Russian military forces have taken control of the territory around the Zaporizhzhia Nuclear Power Plant in Ukraine, which contains six of country’s 15 nuclear reactors, heightening concerns that the safety of the plant and its workers could be at risk.
“The situation in Ukraine is unprecedented and I continue to be gravely concerned,” the director general of the International Atomic Energy Agency (IAEA), Rafael Mariano Grossi, told the organization in an emergency meeting on Wednesday. “It is the first time a military conflict is happening amidst the facilities of a large, established nuclear power program.”
“The safety and security of nuclear facilities, and nuclear and other radioactive material, in Ukraine must under no circumstances be endangered,” Grossi told the organization’s board of governors. “I have called for restraint from all measures or actions that could jeopardize the security of nuclear and other radioactive material, and the safe operation of any nuclear facilities in Ukraine.”
Grossi also reminded the 173 member states of the IAEA, including Russia and Ukraine, that in 2009 they unanimously affirmed that “any armed attack on and threat against nuclear facilities devoted to peaceful purposes constitutes a violation of the principles of the United Nations Charter, international law and the Statute of the Agency.”
Russia informed the IAEA that it was in control of the region around Zaporizhzhia Nuclear Power Plant in a letter dated March 1. That same day, the State Nuclear Regulatory Inspectorate of Ukraine (SNRIU) asked IAEA to provide assistance in maintaining the safety and security of the Chernobyl disaster site, which was captured by Russian forces last week, and other nuclear facilities. As of Tuesday, the SNRIU said all nuclear power facilities remained under control.
Speaking to the press on Wednesday, Grossi clarified that Russia is in control of the area around the Zaporizhzhia Nuclear Power Plant and its general environs but has not taken control of the plant itself. “They have the physical control of the perimeter, including the village where most of the employees live,” he said.
Social media footage verified by CNN shows Ukrainian civilians and power plant workers blocking the access roads to the plant to prevent the Russian military from entering.
Residents and employees of the #Zaporizhzhia Nuclear Power Plant do not let the invaders pass into the city. People of #Ukraine are defending nuclear safety of Europe even with their bare hands #StandWithUkraine #StopRussianAggression #stopputin #stoprussia pic.twitter.com/2s7mN8cJmP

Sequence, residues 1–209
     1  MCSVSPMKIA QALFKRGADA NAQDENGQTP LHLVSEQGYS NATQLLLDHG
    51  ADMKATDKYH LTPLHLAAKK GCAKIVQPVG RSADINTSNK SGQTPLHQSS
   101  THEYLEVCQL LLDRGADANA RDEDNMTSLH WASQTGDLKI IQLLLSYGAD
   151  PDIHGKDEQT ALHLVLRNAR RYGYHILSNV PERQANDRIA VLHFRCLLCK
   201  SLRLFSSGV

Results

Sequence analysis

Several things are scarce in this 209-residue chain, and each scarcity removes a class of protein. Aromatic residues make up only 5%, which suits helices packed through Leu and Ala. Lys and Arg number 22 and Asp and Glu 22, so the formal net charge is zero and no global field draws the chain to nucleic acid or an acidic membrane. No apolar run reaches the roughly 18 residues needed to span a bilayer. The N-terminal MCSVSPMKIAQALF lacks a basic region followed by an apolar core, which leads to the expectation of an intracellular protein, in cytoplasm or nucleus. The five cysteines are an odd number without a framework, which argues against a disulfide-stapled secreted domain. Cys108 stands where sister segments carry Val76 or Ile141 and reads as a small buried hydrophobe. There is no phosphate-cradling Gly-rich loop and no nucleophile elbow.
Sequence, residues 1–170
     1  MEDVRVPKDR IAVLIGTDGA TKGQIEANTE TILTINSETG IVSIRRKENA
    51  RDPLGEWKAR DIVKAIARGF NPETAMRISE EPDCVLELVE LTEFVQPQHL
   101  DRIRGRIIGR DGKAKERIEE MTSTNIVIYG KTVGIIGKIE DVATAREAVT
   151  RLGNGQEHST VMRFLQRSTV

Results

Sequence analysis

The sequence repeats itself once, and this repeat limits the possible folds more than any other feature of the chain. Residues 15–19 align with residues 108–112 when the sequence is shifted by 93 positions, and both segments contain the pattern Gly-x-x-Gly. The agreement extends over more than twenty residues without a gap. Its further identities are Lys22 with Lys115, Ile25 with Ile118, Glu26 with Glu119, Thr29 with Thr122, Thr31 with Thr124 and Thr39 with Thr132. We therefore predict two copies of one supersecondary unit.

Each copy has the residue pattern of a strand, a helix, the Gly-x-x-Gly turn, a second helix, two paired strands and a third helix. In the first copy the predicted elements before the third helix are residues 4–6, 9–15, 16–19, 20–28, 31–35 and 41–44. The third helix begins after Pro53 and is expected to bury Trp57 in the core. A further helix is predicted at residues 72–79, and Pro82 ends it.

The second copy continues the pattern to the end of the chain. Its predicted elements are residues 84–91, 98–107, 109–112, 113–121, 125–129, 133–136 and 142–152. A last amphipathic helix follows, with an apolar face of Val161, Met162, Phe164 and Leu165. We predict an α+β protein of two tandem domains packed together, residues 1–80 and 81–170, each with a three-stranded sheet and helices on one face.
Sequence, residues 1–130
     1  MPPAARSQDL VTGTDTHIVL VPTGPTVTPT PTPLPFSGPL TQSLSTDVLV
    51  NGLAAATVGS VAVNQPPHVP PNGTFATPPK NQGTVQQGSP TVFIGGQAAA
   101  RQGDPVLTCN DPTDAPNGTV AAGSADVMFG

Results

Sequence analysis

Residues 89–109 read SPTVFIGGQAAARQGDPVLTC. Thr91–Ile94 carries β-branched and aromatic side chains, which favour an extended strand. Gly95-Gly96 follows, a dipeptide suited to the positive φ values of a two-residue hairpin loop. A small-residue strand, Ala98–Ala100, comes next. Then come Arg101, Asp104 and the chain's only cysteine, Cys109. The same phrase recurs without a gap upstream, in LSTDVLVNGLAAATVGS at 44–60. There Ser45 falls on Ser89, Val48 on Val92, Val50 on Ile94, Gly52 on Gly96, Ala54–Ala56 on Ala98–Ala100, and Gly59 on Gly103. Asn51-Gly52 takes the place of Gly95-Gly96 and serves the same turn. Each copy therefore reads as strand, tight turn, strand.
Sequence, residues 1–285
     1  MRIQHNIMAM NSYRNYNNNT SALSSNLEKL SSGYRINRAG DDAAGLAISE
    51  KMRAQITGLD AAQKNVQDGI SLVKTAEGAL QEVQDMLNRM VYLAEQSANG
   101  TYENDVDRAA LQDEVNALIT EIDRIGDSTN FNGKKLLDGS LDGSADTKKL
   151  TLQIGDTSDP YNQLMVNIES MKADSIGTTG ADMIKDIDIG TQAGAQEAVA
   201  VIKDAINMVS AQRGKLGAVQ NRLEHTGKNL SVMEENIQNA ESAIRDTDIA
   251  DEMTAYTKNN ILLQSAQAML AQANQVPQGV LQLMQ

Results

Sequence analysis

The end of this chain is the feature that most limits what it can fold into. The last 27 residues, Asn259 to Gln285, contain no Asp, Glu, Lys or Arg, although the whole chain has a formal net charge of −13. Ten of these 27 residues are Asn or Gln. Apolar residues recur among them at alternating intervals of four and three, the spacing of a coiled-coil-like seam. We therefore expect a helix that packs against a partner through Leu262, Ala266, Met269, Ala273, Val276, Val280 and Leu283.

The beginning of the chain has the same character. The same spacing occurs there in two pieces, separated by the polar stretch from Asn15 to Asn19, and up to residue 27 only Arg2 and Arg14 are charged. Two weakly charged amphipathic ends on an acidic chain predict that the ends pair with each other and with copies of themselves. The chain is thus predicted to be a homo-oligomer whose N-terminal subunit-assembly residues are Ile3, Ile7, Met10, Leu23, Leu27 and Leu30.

— Verkhovna Rada of Ukraine (@ua_parliament) March 2, 2022
Nuclear power plants have not been designed to sustain the kind of damage that wars can inflict on people and infrastructure, Edwin Lyman, an expert on nuclear proliferation and nuclear terrorism, told the Bulletin. “In peacetime,” Lyman said, “the most severe threats are severe weather.”
The most significant risk is that damage from munitions could prevent the plant from maintaining cooling of the highly radioactive fuel in the core or of the spent fuel. This could also happen if the plant loses access to the grid and the back-up generators fail or the plant is otherwise unable to continue delivering power to the cooling system.
“That’s the situation they faced at Fukushima, in Japan, in 2011, where the plant lost both off-site and on-site power,” Lyman said. “In that case, there were very few means the operators had to try to keep the fuel from melting down, and the result was three core meltdowns. So it is critical that you keep cooling, however you can.”
Each nuclear reactor at Zaporizhzhia has three backup generators and seven days’ worth of diesel fuel to keep them running, Lyman said. In the wake of the Fukushima disaster, many nuclear power plant facilities around the globe, including in Ukraine, added measures to prevent disasters like Fukushima from happening. “Those measures could potentially be brought to bear in a crisis at one of Ukraine’s plants, but then that additional equipment is only as good as it’s protected,” Lyman added. “It’s only good if it’s available.”
The other risk at Ukraine’s nuclear facilities, active or not, is of human error. The people responsible for maintaining the safety and security of the facilities are working long hours under tense and dangerous conditions. Valentin Geiko, the head of the shift at Chernobyl, celebrated his 60th birthday on March 2, after working nonstop for six consecutive days to maintain the Russian-occupied plant. “He can’t hand over his shift and can’t leave his post,” SNRIU said.
“That’s the other issue is the plant personnel,” Lyman said. “If the enemy controls the plant and all the access points, are the personnel who were not on duty, are they going to report to work? And if not, then you have the shifts that are there now, they ordinarily will not have to work, nonstop, and can’t work nonstop.”
In theory, these facilities were designed by the Soviet Union, so Russia probably could bring in its own personnel to run them, but that just adds another wrinkle, Lyman said.
Grossi has called for nothing to prevent nuclear facilities workers from doing their jobs. “In this context, it is also imperative to ensure that the brave people who operate, regulate, inspect and assess the nuclear facilities in Ukraine can continue to do their indispensable jobs safely, unimpeded and without undue pressure,” he told his IAEA colleagues Wednesday. “I want to emphasize there is nothing normal about the circumstances under which the professionals at Ukraine’s four nuclear power plants are managing to keep the reactors that produce half of Ukraine’s electricity working.”
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